Date of Award


Degree Type


Degree Name

Doctor of Philosophy (PhD)

Graduate Group

Computer and Information Science

First Advisor

Joseph Devietti


Data races are notorious bugs. They introduce non-determinism in programs behavior, complicate programs semantics, making it challenging to debug parallel programs. To make parallel programming easier, efficient data race detection has been a research topic in the last decades. However, existing data race detectors either sacrifice precision or incur high overhead, limiting their application to real-world applications and scenarios. This dissertation proposes approaches to improve the performance of dynamic data race detection without undermining precision, by identifying and removing metadata redundancy dynamically. This dissertation also explores ways to make it practical to detect data races dynamically for GPU programs, which has a disparate programming and execution model from CPU workloads. Further, this dissertation shows how the structured synchronization model in GPU programs can simplify the algorithm design of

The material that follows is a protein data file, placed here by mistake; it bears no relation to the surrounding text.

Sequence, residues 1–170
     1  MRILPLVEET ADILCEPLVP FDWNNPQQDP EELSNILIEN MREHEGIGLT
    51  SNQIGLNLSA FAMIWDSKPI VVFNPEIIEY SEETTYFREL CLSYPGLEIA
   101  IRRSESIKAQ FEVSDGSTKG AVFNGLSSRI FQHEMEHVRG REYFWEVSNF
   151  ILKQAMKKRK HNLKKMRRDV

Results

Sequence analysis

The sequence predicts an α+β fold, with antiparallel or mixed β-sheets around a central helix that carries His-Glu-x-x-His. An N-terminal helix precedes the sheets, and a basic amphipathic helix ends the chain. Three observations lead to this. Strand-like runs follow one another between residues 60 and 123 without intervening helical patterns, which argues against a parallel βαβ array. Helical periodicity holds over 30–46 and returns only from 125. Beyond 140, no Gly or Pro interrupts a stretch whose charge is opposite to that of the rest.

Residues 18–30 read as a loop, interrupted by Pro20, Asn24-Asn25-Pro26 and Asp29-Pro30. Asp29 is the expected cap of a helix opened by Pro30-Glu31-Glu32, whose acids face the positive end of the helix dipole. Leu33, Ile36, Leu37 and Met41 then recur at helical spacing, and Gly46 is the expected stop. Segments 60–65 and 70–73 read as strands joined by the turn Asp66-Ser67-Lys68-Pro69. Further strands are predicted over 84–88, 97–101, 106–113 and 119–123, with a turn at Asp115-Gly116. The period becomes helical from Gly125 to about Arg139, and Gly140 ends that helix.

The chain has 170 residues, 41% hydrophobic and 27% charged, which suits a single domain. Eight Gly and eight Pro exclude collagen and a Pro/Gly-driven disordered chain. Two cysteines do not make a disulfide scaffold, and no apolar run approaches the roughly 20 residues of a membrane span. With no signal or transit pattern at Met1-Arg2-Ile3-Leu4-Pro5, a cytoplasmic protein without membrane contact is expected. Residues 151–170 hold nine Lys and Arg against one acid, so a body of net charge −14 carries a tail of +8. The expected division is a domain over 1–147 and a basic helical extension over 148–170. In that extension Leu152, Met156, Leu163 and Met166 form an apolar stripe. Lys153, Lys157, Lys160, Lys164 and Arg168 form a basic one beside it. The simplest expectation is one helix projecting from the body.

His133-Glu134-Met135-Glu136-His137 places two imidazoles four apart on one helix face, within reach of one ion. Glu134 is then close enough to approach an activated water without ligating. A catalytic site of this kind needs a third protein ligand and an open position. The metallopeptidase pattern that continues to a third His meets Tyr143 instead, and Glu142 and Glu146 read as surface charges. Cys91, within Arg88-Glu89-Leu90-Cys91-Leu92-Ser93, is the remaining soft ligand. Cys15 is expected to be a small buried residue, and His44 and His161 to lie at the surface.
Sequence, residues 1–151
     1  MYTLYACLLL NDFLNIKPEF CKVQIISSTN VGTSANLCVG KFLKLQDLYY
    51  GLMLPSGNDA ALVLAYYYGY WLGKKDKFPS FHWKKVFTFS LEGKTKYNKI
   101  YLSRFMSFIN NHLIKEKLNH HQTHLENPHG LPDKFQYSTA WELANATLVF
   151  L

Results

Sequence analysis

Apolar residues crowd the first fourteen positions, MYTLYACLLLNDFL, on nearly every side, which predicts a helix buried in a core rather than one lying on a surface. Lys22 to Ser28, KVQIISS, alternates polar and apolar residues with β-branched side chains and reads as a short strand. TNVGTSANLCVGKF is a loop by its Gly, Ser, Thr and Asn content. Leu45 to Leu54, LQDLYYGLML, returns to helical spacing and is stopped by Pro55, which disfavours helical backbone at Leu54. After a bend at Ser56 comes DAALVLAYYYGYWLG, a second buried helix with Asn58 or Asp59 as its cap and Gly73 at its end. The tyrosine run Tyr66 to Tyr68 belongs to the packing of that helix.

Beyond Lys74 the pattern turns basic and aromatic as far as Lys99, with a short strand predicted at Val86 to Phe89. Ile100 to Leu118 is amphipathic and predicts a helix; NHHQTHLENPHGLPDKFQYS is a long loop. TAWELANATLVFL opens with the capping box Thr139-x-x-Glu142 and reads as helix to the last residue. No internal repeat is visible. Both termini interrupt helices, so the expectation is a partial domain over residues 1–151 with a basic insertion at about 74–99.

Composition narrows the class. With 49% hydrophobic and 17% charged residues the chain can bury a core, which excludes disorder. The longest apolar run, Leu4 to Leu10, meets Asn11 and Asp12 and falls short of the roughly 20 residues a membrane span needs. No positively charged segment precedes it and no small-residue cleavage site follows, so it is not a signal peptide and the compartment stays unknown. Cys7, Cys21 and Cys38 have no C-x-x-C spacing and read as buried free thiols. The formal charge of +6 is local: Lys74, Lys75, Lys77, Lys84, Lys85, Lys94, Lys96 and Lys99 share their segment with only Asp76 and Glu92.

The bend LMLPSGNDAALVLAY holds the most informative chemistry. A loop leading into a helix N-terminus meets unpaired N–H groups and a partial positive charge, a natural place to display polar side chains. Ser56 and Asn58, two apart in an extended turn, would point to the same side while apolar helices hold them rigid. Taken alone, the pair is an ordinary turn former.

data race detection for GPU, and how the unique patterns in GPU workloads enable an efficient implementation of the algorithm, yielding a high-performance dynamic data race detector for GPU programs.